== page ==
Pushing the Efficiency Limits of Energy Conversion & Storage through Rational Materials Design

William Chueh, Materials Science and Engineering, Stanford University

Monday, February 4, 2013 | 04:15 PM - 05:15 PM | NVIDIA Auditorium, Jen-Hsun Huang Engineering Center | Free and Open to All

Taking sunlight and converting it to chemical bonds and then to electricity is one of the most promising carbon-neutral energy cycles. At the Chueh group, we are developing new materials to electrochemically convert energy between sunlight, fuel, and electricity. We take a rational approach towards materials discovery and optimization. Using powerful electron, X-ray and optical microscopy and spectroscopy techniques, we are “seeing” electrochemistry as they take place on length scales ranging from tens of microns down to below one nanometer. These never-before-seen dynamics lead to new insights into the design of functional materials with novel compositions and structures, such as those for water-splitting membranes, fuel cells, and batteries.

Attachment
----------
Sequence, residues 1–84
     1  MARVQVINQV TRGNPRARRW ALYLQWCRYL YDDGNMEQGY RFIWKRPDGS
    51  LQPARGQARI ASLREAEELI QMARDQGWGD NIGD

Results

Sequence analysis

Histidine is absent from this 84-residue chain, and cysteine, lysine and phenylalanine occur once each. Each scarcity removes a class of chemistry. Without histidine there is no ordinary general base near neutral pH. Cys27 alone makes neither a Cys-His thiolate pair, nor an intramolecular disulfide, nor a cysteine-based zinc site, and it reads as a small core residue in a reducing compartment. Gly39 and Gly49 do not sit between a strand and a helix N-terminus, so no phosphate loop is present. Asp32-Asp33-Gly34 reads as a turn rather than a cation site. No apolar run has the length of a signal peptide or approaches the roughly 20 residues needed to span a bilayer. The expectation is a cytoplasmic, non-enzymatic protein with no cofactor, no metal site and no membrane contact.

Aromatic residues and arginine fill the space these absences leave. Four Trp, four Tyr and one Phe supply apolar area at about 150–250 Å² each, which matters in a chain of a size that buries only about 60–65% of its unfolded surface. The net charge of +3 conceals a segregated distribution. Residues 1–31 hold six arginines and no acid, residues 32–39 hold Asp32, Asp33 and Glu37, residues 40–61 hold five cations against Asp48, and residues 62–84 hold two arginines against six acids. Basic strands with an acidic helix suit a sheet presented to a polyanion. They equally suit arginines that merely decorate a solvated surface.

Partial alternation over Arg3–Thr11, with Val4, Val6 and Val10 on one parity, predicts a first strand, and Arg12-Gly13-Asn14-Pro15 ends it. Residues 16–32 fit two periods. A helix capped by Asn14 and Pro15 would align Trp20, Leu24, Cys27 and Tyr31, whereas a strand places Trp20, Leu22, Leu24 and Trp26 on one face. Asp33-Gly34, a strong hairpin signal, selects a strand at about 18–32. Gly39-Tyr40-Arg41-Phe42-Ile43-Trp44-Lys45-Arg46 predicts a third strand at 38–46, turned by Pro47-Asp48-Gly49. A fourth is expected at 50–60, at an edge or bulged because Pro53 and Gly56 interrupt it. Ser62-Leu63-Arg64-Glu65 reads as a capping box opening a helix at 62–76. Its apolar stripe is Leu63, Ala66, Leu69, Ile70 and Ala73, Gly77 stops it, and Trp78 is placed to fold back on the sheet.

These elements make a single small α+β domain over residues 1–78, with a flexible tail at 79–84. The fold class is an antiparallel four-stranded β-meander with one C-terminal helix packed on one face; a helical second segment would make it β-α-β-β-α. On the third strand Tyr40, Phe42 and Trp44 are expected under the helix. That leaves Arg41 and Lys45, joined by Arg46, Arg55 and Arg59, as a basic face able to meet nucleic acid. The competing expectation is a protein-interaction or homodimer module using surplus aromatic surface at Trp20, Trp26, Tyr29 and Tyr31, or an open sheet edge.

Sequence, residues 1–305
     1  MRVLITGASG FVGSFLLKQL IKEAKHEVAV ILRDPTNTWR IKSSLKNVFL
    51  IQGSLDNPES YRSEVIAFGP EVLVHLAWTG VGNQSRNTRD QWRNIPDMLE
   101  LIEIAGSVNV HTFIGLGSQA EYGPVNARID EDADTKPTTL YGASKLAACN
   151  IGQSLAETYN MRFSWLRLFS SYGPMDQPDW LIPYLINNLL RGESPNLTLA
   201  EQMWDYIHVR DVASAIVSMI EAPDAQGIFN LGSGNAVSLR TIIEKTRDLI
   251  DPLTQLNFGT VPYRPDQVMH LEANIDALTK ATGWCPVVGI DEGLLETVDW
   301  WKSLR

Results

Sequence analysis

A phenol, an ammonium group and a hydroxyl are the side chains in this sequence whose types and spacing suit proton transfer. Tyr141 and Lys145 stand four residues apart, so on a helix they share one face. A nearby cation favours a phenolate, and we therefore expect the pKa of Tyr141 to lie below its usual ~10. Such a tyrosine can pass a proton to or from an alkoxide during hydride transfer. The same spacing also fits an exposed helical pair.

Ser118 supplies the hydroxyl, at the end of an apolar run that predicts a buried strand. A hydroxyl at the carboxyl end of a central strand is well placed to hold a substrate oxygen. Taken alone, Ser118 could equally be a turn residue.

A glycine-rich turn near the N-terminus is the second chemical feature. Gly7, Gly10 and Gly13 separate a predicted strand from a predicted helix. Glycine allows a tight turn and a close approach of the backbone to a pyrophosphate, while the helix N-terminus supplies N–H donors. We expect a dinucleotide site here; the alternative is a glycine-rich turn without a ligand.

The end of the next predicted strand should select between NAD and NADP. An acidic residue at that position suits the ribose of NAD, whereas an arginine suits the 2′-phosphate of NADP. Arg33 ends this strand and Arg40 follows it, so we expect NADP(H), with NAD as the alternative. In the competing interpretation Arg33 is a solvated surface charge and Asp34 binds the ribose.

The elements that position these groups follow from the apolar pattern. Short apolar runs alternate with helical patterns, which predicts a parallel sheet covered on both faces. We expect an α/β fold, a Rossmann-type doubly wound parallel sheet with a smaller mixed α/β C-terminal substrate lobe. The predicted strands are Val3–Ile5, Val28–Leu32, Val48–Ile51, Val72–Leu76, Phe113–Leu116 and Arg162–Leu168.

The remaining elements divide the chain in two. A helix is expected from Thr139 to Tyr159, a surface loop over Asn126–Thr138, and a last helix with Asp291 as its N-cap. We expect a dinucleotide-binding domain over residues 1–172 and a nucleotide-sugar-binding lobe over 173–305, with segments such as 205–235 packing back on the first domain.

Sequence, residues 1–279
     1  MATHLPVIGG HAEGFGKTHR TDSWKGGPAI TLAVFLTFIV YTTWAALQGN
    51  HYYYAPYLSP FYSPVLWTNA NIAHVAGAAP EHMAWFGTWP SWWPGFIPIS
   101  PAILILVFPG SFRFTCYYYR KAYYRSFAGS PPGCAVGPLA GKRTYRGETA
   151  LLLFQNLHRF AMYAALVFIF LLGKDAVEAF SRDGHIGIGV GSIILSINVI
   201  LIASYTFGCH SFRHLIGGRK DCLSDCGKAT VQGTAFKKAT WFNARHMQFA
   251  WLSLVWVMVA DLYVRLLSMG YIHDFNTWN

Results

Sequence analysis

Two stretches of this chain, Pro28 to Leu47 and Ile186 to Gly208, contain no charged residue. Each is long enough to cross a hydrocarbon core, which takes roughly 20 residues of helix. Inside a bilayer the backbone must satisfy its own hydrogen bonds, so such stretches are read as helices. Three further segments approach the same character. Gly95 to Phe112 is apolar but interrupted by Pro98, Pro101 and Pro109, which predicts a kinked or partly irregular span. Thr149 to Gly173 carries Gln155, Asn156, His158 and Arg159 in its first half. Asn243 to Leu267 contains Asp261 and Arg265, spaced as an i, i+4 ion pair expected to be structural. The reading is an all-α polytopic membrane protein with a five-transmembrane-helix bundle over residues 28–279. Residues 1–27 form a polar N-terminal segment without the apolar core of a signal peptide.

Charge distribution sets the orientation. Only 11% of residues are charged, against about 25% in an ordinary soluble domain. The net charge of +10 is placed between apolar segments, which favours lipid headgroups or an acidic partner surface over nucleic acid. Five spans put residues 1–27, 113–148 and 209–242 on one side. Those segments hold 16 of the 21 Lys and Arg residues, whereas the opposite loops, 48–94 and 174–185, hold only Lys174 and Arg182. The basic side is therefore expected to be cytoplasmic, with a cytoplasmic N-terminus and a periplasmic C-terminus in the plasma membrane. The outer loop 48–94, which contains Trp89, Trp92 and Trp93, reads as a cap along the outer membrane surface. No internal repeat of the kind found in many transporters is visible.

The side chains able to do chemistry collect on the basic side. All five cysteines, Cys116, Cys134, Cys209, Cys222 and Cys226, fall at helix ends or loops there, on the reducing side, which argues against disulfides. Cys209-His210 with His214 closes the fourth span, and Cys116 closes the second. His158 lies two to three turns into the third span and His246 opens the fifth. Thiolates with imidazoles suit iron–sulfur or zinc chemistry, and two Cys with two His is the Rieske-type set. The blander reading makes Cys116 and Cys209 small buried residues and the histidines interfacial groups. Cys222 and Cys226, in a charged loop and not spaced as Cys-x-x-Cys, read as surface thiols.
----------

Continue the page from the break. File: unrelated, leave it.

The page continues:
IMMEDIATELY AFTER THE ENERGY SEMINAR at 5:15 - 6:15 pm, GCEP invites Stanford faculty, students and staff to an informal poster session and energy social organized by GCEP students Boxiao Li and Haotian Wang in the Forbes Cafe area on the 1st floor of Huang.

Brief Bio:

Will Chueh is an Assistant Professor in the Materials Science & Engineering department and a Center Fellow of the Precourt Institute of Energy at Stanford University. He received his B.S. in Applied Physics, M.S. and Ph.D. (2010) in Materials Science from Caltech. Prior to joining Stanford in 2012, he was a Distinguished Truman Fellow at Sandia National Laboratories. Prof. Chueh has received numerous honors, including the Caltech Demetriades-Tsafka-Kokkalis Prize in Energy (2012), the Josephine de Karman Fellowship (2009), and the American Ceramics Society Diamond Award (2008).